Monday, August 18, 2014

#708: Like Someone in Love

(Abbas Kiarostami, 2012)

Certified Copy is possibly my favorite movie of the last ten years, so Like Someone in Love was a highly anticipated viewing despite the conventional wisdom that seemed to place it a step down from Kiarostami's last film. Even though I would agree that the movie doesn't quite live up to its predecessor, Like Someone in Love is a perfect companion piece to that film, and a rewarding and engaging cinematic mystery.

Like Certified Copy, the movie deals in vague plot details matched with vivid characters. The three main players here, like the two in Certified Copy, feel just as real and relatable as the protagonists of any movie, and yet we know so little about their backgrounds as to feel we are getting only an abstract portrait of their inner lives. Unlike Certified Copy, however, the film revolves around one character that holds the key to understanding - Takashi, the older man, who knows the truth about his relationship with Akiko but declines to reveal it. This makes the film much less of an intellectual exercise than Certified Copy, where both main characters seem to be toying with the viewer in a surrealist and removed way, but it also makes it a tad more infuriating, since it seems like the whole matter could be easily cleared up in a confessional scene.

Kiarostami is, of course, totally unconcerned with such matters, and remains much more engaged with the ways in which people relate to both each other and the outside world. As in his previous films, the post-modern flair, obtuse thematic structure, and car driving/riding sequences define the director's aesthetic. But Someone in Love firmly resides in Kiarostami's second career, that of an exiled artist obsessed with his national crisis. It's no surprise that Kiarostami's two films outside of Iran, Certified Copy and Like Someone in Love, immediately imply removal from a subject - for Kiarostami, every film he makes outside of Iran is removed from its true intentions, a simulacrum of the film he really wanted to make. The final moments of both films are revelation interrupted, a moment of foreplay or violence that speaks to the greater truth of the respective film, and the ultimate metaphor for Kiarostami's identity unrealized by his exile.

It might be a crude comparison, but this era of Kiarostami's work reminds me of Caetano Veloso's exile from his home country of Brazil. Both artists fuse modern global aesthetics with personal and national styles which are distinct to their respective countries, and Veloso's 1971 self-titled album feels unsettling and mysterious. Like Kiarostami, Veloso chose to work in a language that was not his own, but that of the country in which he was creating art. If the metaphor is to hold, the Iranian filmmaker has much more experimental and arguably difficult land to traverse. But the journey will never be anything less than invigorating and impressive. Kiarostami is certainly one of the great living filmmakers - that he hails from one of the world's most notorious and complex countries only makes his emergence that much more powerful.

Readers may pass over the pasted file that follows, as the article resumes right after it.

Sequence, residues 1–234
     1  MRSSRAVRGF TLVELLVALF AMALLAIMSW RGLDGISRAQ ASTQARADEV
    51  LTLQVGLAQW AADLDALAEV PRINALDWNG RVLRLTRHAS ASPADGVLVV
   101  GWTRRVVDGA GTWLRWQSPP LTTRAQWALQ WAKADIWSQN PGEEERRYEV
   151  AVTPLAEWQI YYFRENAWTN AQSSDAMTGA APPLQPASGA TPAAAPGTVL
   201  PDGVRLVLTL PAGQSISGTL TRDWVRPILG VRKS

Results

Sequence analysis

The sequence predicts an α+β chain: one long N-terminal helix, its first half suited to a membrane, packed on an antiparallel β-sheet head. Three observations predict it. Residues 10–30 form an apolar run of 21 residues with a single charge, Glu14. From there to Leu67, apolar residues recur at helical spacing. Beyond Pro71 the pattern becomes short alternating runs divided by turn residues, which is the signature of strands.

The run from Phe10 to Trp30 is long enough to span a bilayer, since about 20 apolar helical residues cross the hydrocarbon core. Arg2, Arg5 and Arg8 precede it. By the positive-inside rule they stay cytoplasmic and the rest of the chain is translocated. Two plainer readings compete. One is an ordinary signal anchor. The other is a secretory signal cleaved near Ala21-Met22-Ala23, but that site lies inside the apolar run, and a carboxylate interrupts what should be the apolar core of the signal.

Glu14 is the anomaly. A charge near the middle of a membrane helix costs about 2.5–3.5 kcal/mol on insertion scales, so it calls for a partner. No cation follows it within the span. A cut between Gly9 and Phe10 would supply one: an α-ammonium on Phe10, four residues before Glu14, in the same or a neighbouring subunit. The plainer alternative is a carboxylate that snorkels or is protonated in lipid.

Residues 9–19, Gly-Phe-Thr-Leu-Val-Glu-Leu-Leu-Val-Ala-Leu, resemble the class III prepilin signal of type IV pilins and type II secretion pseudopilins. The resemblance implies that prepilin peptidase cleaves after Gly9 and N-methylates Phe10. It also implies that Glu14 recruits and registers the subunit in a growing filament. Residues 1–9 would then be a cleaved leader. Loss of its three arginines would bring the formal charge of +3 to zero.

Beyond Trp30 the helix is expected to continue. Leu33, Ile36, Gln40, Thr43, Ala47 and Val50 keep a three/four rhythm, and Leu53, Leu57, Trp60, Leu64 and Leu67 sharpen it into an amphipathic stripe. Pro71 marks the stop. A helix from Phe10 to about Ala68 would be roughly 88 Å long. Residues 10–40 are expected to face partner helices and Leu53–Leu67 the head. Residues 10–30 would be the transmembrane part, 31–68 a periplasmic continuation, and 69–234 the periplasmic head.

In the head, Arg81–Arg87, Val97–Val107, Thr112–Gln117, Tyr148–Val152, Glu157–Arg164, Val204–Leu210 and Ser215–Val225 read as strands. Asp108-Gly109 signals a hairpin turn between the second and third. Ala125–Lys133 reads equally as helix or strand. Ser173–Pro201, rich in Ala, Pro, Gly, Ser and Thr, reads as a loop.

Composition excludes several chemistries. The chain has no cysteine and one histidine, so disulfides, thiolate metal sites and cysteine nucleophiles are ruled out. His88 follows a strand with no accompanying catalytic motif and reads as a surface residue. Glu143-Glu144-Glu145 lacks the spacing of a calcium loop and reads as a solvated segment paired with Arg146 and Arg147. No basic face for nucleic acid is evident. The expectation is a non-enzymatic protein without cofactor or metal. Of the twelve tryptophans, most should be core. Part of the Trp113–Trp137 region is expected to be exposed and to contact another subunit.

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On a personal note, this is my 500th post on a Criterion movie on this blog. I honestly never thought I'd get this far, but it's been a thoroughly rewarding journey, one I wouldn't trade for any other artistic endeavor I've made. I've obviously slowed down a great deal since I "caught up" with the collection - which has made me slip a bit in terms of keeping up. But as long as Criterion continues to put out movies, I'll continue to watch them and post here. Even as they encounter more financial issues and turn to ever bigger releases to maintain their place  in the market, I believe in what Criterion is doing and continue to have faith that they will be around for spine number 1000 and beyond. Here's hoping we are all there to see it happen.

Sunday, August 17, 2014

#720: The Big Chill

(Lawrence Kasdan, 1983)

I watched The Big Chill for the first time when I was a teenager, and there are few more depressing movies to watch at that stage of life. For people with limitless options ahead of them, this is a film about people who are dead inside, horrified with the decisions they have made, and desperate to regain their freedom. They are unlikable and self-absorbed. Like Kevin Kline's later film, The Ice Storm, it's an unpleasant and uncomfortable viewing because it's hard to wrap your head around the choices you watch.

Once you've grown up, started a family, waded deep enough into a career or whatever they call it these days, the film is oddly less depressing, more comforting. It's a reminder that no matter how bad things get, you can always go home. It's a reassurance of the interpersonal connections that don't go away when philosophies and priorities change.

Of course, while the fundamental conflict of The Big Chill, the struggle with getting older and wrestling with dreams and responsibilities, is timeless, the resolution is specific to the boomer generation the film claims to represent. If The Big Chill was made today - and seeing how difficult it is to have adult dramas get made in the Hollywood system, it wouldn't be - the moral of the story would be distinctly anti-nostalgia, a lesson about appreciating what you have in life instead of longing for the past. If the children are our future in The Big Chill, the future is a disembodied voice we police from a distance while we dance and screw away the blues to the safe pop rhythms of our youth. The Big Chill is drenched in a nostalgia that would be tossed aside immediately by my generation, even as we struggle to uphold our own truths from a bygone era.